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UN urges national unity as violence surges in Iraq

July 24, 2013

UNITED NATIONS (AP) — The U.N. Security Council called Wednesday for “meaningful political dialogue and national unity” in Iraq, where an upsurge in violence is intensifying fears of a return to widespread sectarian killing that brought the country to the brink of civil war after the 2003 U.S.-led invasion.

In a resolution adopted unanimously, the council encouraged the government to continue strengthening democracy and the rule of law, improve security and public order, and combat terrorism and sectarian violence across the country.

The resolution extends the U.N.’s civilian mission in Iraq until July 21, 2014 and includes a mandate to monitor and report on Iraqi efforts to find missing Kuwaitis from the 1990-91 invasion and war, and looted Kuwaiti property including the national archives.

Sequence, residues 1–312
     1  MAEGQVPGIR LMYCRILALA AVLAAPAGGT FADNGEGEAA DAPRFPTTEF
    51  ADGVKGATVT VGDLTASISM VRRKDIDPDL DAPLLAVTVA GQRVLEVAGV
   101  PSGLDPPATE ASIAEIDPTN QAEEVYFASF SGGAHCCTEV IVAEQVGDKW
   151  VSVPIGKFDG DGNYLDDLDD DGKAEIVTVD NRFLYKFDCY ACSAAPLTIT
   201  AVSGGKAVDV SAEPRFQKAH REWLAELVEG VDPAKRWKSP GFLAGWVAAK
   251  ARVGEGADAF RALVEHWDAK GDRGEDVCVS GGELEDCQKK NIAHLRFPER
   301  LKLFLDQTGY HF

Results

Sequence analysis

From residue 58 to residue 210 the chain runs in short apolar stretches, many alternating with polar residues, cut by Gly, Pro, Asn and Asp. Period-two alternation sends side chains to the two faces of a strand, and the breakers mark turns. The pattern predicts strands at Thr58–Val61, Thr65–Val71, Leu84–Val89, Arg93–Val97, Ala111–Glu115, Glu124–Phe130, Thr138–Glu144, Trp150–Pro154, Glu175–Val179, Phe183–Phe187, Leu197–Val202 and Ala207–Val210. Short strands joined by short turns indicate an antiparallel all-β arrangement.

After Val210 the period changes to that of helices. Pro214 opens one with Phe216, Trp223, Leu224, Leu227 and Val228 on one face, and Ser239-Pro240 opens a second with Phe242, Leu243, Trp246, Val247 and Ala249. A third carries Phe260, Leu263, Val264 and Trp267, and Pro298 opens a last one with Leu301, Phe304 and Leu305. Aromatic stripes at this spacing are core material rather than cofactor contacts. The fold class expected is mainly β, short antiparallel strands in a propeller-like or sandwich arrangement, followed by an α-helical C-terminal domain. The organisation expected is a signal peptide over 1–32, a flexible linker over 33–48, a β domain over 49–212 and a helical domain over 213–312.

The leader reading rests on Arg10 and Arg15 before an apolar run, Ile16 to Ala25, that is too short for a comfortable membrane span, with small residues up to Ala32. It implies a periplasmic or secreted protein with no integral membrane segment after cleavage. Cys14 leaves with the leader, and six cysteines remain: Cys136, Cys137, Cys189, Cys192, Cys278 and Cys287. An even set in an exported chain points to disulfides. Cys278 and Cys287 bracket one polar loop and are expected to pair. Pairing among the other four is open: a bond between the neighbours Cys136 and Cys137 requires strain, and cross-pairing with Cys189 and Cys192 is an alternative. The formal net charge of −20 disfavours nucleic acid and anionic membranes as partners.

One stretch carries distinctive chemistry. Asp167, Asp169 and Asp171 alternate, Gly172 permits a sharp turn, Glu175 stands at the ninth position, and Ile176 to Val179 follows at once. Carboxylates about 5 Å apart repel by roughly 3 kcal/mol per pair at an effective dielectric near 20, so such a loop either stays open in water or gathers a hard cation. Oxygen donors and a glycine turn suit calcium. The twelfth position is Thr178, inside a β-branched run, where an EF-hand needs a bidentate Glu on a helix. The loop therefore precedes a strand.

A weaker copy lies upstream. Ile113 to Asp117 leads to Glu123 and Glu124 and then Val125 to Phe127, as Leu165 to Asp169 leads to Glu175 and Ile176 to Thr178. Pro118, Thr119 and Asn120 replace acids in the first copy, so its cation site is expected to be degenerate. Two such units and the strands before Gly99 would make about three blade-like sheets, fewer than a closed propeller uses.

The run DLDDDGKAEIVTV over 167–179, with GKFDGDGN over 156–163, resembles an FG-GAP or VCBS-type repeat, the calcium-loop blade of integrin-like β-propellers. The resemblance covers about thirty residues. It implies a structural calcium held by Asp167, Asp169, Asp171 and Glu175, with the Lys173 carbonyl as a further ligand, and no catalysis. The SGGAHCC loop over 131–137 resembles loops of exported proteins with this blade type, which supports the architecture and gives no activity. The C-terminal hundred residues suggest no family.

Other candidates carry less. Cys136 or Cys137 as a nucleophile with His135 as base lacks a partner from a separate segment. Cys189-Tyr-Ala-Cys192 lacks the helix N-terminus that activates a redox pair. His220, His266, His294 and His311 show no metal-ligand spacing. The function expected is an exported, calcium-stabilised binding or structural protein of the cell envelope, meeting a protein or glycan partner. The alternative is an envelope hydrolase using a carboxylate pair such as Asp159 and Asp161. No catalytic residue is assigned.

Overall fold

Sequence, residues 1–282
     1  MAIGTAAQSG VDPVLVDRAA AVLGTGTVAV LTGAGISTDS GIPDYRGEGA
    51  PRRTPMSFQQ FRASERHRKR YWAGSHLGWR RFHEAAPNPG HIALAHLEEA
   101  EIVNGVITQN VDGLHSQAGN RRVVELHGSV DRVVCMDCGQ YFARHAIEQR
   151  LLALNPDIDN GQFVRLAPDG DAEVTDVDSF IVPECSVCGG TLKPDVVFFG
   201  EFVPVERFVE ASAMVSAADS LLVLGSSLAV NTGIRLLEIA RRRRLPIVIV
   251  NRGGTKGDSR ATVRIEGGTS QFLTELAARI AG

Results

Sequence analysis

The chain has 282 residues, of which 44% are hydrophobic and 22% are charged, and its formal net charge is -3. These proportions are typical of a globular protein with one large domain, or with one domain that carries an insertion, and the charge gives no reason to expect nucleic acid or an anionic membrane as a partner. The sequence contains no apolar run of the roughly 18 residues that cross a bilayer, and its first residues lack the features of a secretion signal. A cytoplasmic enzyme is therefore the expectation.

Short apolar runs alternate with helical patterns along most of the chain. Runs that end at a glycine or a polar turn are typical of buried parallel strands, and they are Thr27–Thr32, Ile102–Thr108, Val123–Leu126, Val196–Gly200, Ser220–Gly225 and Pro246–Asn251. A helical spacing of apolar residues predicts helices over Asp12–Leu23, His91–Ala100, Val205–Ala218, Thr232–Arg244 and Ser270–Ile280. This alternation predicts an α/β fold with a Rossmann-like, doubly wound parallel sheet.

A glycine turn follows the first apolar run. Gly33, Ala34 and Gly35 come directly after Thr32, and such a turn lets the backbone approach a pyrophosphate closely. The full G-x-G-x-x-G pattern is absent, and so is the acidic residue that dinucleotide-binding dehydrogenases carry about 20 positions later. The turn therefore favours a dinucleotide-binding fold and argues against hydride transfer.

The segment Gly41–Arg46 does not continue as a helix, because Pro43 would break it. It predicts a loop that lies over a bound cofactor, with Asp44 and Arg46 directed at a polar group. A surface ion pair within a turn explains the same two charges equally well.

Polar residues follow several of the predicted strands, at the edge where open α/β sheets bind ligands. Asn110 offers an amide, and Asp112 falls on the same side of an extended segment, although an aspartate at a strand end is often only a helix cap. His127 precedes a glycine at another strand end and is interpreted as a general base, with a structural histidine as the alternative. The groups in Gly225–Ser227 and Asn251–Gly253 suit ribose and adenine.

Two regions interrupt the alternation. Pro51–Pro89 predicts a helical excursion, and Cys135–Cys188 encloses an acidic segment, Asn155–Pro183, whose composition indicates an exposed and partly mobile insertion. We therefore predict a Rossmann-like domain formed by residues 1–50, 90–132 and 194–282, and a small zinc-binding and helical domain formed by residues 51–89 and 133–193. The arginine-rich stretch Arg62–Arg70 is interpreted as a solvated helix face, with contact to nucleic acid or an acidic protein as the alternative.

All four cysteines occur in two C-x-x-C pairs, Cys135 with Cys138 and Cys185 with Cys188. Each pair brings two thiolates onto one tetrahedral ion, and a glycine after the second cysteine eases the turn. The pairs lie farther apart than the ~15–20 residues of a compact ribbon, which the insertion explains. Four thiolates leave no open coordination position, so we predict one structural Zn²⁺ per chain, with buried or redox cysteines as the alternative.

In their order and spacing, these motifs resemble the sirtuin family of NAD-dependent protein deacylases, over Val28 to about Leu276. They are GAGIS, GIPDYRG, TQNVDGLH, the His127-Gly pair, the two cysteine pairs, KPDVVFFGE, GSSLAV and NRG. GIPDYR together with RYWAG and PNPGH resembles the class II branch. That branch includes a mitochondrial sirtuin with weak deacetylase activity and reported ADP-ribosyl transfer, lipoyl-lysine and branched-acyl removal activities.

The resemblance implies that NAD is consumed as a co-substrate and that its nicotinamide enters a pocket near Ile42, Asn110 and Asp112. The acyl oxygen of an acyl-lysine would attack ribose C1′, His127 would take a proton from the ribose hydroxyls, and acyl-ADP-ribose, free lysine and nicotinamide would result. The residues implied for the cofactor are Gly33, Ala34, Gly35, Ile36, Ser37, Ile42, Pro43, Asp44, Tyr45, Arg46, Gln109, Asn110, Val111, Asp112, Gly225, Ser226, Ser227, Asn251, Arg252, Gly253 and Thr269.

Iraq has been lobbying for years to get rid of all U.N. sanctions and requirements under Chapter 7 of the U.N. Charter, which can be militarily enforced. Last month, the council voted unanimously to end several Chapter 7 requirements, including searching for missing Kuwaitis and looted property.

“The resolution agreed today is another positive step in the improvement of Iraq-Kuwait relations,” Britain’s U.N. Ambassador Mark Lyall Grant said after Wednesday’s vote.

He said last month that Iraq still has some Chapter 7 obligations including a conventional arms ban, the freeze and return of Saddam-era assets, and the prohibition on trade in stolen Iraqi cultural property.

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